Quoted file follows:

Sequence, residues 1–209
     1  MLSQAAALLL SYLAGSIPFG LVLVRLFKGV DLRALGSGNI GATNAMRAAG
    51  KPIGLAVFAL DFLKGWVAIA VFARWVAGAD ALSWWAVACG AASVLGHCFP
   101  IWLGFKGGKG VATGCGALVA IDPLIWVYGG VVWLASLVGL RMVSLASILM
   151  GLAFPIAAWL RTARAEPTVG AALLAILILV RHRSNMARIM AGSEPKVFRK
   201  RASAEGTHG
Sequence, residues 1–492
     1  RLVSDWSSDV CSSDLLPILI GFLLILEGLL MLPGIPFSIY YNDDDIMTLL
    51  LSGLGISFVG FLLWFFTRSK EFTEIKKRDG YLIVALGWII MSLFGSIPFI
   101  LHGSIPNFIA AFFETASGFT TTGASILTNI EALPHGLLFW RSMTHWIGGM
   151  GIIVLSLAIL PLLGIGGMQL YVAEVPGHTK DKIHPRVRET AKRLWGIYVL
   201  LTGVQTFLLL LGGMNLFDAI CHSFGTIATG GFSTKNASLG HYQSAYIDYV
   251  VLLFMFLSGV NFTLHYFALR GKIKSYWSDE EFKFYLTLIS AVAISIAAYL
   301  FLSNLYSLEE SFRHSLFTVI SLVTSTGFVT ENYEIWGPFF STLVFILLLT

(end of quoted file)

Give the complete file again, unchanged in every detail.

Sequence, residues 1–209
     1  MLSQAAALLL SYLAGSIPFG LVLVRLFKGV DLRALGSGNI GATNAMRAAG
    51  KPIGLAVFAL DFLKGWVAIA VFARWVAGAD ALSWWAVACG AASVLGHCFP
   101  IWLGFKGGKG VATGCGALVA IDPLIWVYGG VVWLASLVGL RMVSLASILM
   151  GLAFPIAAWL RTARAEPTVG AALLAILILV RHRSNMARIM AGSEPKVFRK
   201  RASAEGTHG
Sequence, residues 1–492
     1  RLVSDWSSDV CSSDLLPILI GFLLILEGLL MLPGIPFSIY YNDDDIMTLL
    51  LSGLGISFVG FLLWFFTRSK EFTEIKKRDG YLIVALGWII MSLFGSIPFI
   101  LHGSIPNFIA AFFETASGFT TTGASILTNI EALPHGLLFW RSMTHWIGGM
   151  GIIVLSLAIL PLLGIGGMQL YVAEVPGHTK DKIHPRVRET AKRLWGIYVL
   201  LTGVQTFLLL LGGMNLFDAI CHSFGTIATG GFSTKNASLG HYQSAYIDYV
   251  VLLFMFLSGV NFTLHYFALR GKIKSYWSDE EFKFYLTLIS AVAISIAAYL
   301  FLSNLYSLEE SFRHSLFTVI SLVTSTGFVT ENYEIWGPFF STLVFILLLT